This new automatic weather station was installed in July
2006 to replace the old one
It measures and records; air temperature and humidity, pressure, wind speed and direction, solar radiation, ground temperature, soil temperature at 30 and 100 cm, and rainfall.
It is installed within the existing met enclosure to the south of the main observatory building.
Initial calibration problems meant that accurate data was collected only from
2007 April 1st at which time a more accurate pressure sensor, or digital
barometer, was added.
The weather station was manufactured by Casella Instruments and supplied and
installed by Alpha Technologies. The instruments are wired to a Sensus data logger which has an RS232 connection to a control computer which communicates with the
data logger through a series of Perl scripts written by Benjamin Mueller.
Solar Radiation Detector
It measures the intensity of total
global solar radiation received at the earth's
surface in terms of Watts/m2 and responds
to both direct and diffused sunlight received
from the whole hemisphere. Diffused sunlight
continues to reach the earth even when the
sun is obscured behind cloud, and in the
twilight period before sunrise and after sun
The sensor is based upon a silicon
photo detector which is housed within a
weather proof, anodised aluminium body designed for reliable long term
operation in outdoor conditions.
Based on the classic cup anemometer design
invented at Armagh Observatory by TRR Robinson.
The rotational speed is monitored
using an infra-red light source, interrupter
and optical sensor that provides 20 pulses
from 0 to 5 V per revolution. This
non-contacting design can measure wind
speeds up to 75 m/sec.
The instrument has an anodised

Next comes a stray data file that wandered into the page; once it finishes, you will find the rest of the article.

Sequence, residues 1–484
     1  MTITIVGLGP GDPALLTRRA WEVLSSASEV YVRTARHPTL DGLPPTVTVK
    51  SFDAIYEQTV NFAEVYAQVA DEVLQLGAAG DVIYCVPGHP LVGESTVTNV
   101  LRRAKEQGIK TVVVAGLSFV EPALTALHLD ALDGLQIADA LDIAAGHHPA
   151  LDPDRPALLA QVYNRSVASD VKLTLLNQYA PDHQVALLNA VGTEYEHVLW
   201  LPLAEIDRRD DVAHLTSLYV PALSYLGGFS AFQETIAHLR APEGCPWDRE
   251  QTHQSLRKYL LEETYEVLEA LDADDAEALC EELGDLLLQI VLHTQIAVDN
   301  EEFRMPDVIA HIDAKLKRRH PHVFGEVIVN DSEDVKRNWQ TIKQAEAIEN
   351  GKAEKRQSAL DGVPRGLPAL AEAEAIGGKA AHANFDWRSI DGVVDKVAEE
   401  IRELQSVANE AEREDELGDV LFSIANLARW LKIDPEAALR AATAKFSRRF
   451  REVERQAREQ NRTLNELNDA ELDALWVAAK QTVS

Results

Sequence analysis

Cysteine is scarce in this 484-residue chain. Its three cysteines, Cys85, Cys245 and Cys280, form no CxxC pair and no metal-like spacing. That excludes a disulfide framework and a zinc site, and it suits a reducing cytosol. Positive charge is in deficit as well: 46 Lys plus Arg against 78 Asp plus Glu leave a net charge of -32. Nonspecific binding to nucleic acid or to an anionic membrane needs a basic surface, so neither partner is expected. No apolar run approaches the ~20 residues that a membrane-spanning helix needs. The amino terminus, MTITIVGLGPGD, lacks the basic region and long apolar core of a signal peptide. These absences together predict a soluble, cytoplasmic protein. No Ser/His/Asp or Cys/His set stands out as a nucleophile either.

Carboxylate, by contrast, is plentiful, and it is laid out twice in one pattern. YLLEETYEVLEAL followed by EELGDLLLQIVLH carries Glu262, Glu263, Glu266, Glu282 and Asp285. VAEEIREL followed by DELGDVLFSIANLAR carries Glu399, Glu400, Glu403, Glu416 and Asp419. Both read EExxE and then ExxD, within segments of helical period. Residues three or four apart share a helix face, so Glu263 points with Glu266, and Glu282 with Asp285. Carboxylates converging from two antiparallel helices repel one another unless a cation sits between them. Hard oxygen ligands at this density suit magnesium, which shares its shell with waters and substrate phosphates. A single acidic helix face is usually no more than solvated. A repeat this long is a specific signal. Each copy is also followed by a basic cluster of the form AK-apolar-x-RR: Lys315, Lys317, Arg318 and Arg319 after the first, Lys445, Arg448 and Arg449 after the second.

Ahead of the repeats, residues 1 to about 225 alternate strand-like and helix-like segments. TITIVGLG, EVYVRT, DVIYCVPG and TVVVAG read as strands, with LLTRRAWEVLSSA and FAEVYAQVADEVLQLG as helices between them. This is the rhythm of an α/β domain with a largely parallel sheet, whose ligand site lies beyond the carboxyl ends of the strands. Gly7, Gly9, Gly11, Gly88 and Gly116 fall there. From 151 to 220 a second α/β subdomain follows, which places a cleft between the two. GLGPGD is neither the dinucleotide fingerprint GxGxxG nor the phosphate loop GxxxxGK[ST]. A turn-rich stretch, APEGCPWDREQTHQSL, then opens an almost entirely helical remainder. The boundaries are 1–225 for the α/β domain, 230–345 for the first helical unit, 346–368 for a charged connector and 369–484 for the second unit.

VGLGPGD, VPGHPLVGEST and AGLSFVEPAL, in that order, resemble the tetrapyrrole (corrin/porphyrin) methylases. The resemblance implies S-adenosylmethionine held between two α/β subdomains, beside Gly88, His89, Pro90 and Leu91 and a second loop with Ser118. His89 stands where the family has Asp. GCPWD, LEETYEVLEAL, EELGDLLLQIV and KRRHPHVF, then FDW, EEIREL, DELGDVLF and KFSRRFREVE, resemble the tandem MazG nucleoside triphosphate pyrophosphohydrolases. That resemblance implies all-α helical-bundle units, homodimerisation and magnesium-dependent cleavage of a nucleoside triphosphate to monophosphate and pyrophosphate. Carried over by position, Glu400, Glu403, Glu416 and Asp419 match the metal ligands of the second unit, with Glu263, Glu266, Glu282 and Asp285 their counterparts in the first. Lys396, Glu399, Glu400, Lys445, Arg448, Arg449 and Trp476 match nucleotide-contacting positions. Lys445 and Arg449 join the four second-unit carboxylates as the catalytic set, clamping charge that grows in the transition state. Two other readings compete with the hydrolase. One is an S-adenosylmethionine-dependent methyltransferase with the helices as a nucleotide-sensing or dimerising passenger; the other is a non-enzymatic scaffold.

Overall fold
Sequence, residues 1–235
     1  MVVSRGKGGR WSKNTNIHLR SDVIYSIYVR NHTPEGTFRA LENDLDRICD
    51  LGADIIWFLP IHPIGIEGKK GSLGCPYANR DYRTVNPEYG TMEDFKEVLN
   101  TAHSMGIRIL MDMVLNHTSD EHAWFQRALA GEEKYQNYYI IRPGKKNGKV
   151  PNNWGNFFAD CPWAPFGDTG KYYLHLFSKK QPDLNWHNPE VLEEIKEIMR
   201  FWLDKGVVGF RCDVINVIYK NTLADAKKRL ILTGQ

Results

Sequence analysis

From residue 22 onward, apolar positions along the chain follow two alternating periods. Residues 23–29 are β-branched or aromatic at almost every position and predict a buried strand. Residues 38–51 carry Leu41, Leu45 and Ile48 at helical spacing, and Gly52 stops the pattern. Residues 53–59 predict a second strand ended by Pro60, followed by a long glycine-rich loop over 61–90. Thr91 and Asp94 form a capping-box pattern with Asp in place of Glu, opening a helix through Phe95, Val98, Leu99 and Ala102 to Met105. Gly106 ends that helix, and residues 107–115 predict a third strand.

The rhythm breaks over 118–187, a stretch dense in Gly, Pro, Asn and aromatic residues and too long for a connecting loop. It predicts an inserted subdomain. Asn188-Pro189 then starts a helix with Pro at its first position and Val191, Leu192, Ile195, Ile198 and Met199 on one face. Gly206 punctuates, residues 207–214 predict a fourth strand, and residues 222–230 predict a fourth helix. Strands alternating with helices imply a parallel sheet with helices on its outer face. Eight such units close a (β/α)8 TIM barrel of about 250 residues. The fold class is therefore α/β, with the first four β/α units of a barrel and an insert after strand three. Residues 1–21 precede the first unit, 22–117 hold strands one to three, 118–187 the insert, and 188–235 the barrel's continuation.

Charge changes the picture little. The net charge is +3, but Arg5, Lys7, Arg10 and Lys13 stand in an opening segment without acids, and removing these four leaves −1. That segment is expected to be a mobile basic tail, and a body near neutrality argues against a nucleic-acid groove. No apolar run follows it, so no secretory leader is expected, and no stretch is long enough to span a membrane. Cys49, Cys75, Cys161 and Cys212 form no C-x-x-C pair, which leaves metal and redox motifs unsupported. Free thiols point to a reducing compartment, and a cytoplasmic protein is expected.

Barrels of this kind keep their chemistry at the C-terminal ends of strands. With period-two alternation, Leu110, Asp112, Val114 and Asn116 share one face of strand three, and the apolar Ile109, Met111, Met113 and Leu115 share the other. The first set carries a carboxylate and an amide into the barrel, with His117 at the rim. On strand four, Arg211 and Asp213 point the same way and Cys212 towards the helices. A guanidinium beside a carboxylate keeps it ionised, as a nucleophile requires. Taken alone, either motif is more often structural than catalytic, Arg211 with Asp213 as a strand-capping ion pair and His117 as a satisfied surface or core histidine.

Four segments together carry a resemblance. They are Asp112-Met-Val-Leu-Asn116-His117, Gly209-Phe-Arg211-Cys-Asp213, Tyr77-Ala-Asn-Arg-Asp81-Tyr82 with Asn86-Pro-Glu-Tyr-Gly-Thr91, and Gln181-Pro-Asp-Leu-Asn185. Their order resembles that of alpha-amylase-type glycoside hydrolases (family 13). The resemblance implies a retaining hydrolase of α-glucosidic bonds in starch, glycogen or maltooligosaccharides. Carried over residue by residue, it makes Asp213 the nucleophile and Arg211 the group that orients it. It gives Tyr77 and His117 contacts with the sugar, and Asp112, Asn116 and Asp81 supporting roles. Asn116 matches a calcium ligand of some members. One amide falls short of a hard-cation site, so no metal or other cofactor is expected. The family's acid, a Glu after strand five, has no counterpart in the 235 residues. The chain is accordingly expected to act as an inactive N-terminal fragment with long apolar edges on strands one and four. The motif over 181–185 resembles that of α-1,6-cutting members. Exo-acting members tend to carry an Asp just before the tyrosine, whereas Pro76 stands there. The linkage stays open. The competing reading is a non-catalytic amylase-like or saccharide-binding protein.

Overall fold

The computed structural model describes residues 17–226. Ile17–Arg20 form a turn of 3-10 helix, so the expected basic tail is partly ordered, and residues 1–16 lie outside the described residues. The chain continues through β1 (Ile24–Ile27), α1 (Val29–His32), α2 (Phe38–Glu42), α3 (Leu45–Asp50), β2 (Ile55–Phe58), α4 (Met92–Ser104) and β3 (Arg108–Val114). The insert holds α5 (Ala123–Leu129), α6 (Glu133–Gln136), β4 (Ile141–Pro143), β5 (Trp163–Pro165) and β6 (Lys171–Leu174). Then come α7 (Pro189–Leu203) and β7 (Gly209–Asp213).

aluminium alloy outer case.
The wind vane is a small lightweight GMR design that offers a rapid
response to changes in wind direction with virtually friction free sensing. The
analog output changes from 0 to 1.8 V as the
wind direction changes from 0 to 359, with
no dead-band at north.
Combined Air Temperature and Humidity
The combined air temperature and relative
humidity sensor is installed within a single
radiation screen. Both
transducers are unaffected by condensation
and are resilient to airborne pollution.
The hygrometer is of the
capacitative type and is largely free from
drift. It offers high repeatability over large
ranges of humidity for long periods.
The temperature sensor is based
upon a platinum resistance element to
BS1904, DIN 43760, and incorporates
linearisation electronics within the sensor.
The output from the temperature sensor is
used to compensate the hygrometer for temperature effects.
Soil (30 and 100cm) Temperatures
These are semi conductor current generator type sensors. They have a range
of -40oC to 60oC and a calibrated accuracy of
±0.5oC between -20 to +50oC.
There is one at 30cm depth and one at 100cm depth in soil.
This is a semi conductor current generator type sensors.
It has a range of -40oC to 60oC and a calibrated accuracy
of±0.5oC between -20 to +50oC.
Built-in Pressure Sensor
Disconnected 2007 October.
The barometer is mounted on a
circuit board in the data logger, which itself
is inside the environmental case. A 1 mm
ventilation hole in the case ensures the
internal pressure remains at ambient.
A monolithic silicon transducer
senses pressure by means of a silicon
diaphragm into which a bridge of piezo
resistors have been defused.
The silicon crystal, which
constitutes the diaphragm, being a perfect
device does not suffer from hysteresis. The
high signal level obtained is further
conditioned to give an exceptional degree of
accuracy, repeatability and linearity.
The pressure transducer is
temperature stabilised at 60C to minimise
temperature effects on the overall accuracy.
The Vaisala BAROCAP Digital Barometer PTB220 is designed for measurements in a wide
environmental pressure and temperature range. It uses a silicon capacitive absolute
pressure sensor with excellent hysteresis and repeatability characteristics. It has
a measurement range of 50 - 1100 hPa and an operating temperature range of -40 to +60 C.
The total accuracy is ±0.1 hPa/yr (1 hPa = 1 mbar).
The tipping bucket is a well proven method of monitoring rainfall with
a divided bucket assembly mounted on pivots.
The bucket assembly is adjusted to
tip each time an amount of water
proportional to 0.2 mm of rainfall has
collected in one or other side of the bucket.
Therefore, each time the bucket tips, a signal
proportional to precisely 0.2 mm of rainfall is
sent to the logger.
The gauge has a body and funnel
constructed of aluminium alloy, with an
accurately machined Septum Ring.
The aluminium base plate is
equipped with levelling screws and a spirit
level for precise adjustment.